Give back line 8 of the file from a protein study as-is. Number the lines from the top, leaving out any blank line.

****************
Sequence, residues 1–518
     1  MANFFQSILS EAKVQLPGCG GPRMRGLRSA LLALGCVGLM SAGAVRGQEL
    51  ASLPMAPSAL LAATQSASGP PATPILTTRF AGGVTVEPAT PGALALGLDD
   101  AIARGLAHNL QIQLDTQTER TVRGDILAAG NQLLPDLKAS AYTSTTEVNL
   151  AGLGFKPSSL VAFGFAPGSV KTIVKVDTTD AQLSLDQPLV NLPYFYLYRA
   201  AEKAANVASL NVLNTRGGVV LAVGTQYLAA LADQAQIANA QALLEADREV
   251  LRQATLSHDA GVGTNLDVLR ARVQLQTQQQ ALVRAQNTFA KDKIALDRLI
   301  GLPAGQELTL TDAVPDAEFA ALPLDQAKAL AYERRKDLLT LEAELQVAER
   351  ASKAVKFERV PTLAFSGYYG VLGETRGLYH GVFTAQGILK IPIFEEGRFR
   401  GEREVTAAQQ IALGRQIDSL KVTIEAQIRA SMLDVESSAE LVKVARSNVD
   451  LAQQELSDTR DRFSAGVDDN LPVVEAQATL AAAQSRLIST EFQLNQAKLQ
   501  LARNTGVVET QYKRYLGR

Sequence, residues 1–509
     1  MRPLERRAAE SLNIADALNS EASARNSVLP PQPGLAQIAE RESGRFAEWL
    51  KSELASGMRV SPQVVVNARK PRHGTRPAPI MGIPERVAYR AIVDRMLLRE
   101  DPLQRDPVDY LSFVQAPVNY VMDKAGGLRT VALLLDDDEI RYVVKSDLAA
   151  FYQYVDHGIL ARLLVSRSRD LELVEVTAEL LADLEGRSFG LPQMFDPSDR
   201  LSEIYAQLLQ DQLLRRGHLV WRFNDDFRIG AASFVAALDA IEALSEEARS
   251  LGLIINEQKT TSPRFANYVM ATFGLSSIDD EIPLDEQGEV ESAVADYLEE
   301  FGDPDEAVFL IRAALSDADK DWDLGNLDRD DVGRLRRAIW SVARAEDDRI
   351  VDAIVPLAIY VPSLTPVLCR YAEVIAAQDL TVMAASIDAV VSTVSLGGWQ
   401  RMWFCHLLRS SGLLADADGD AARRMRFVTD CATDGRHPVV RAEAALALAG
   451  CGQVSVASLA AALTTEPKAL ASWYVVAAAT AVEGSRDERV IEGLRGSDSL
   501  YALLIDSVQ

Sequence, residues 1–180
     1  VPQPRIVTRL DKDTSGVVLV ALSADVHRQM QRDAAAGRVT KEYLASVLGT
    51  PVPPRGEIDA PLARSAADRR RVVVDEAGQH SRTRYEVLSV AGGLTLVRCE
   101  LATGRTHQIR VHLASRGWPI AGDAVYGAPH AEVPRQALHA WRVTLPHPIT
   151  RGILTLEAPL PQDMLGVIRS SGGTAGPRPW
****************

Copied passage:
   301  GLPAGQELTL TDAVPDAEFA ALPLDQAKAL AYERRKDLLT LEAELQVAER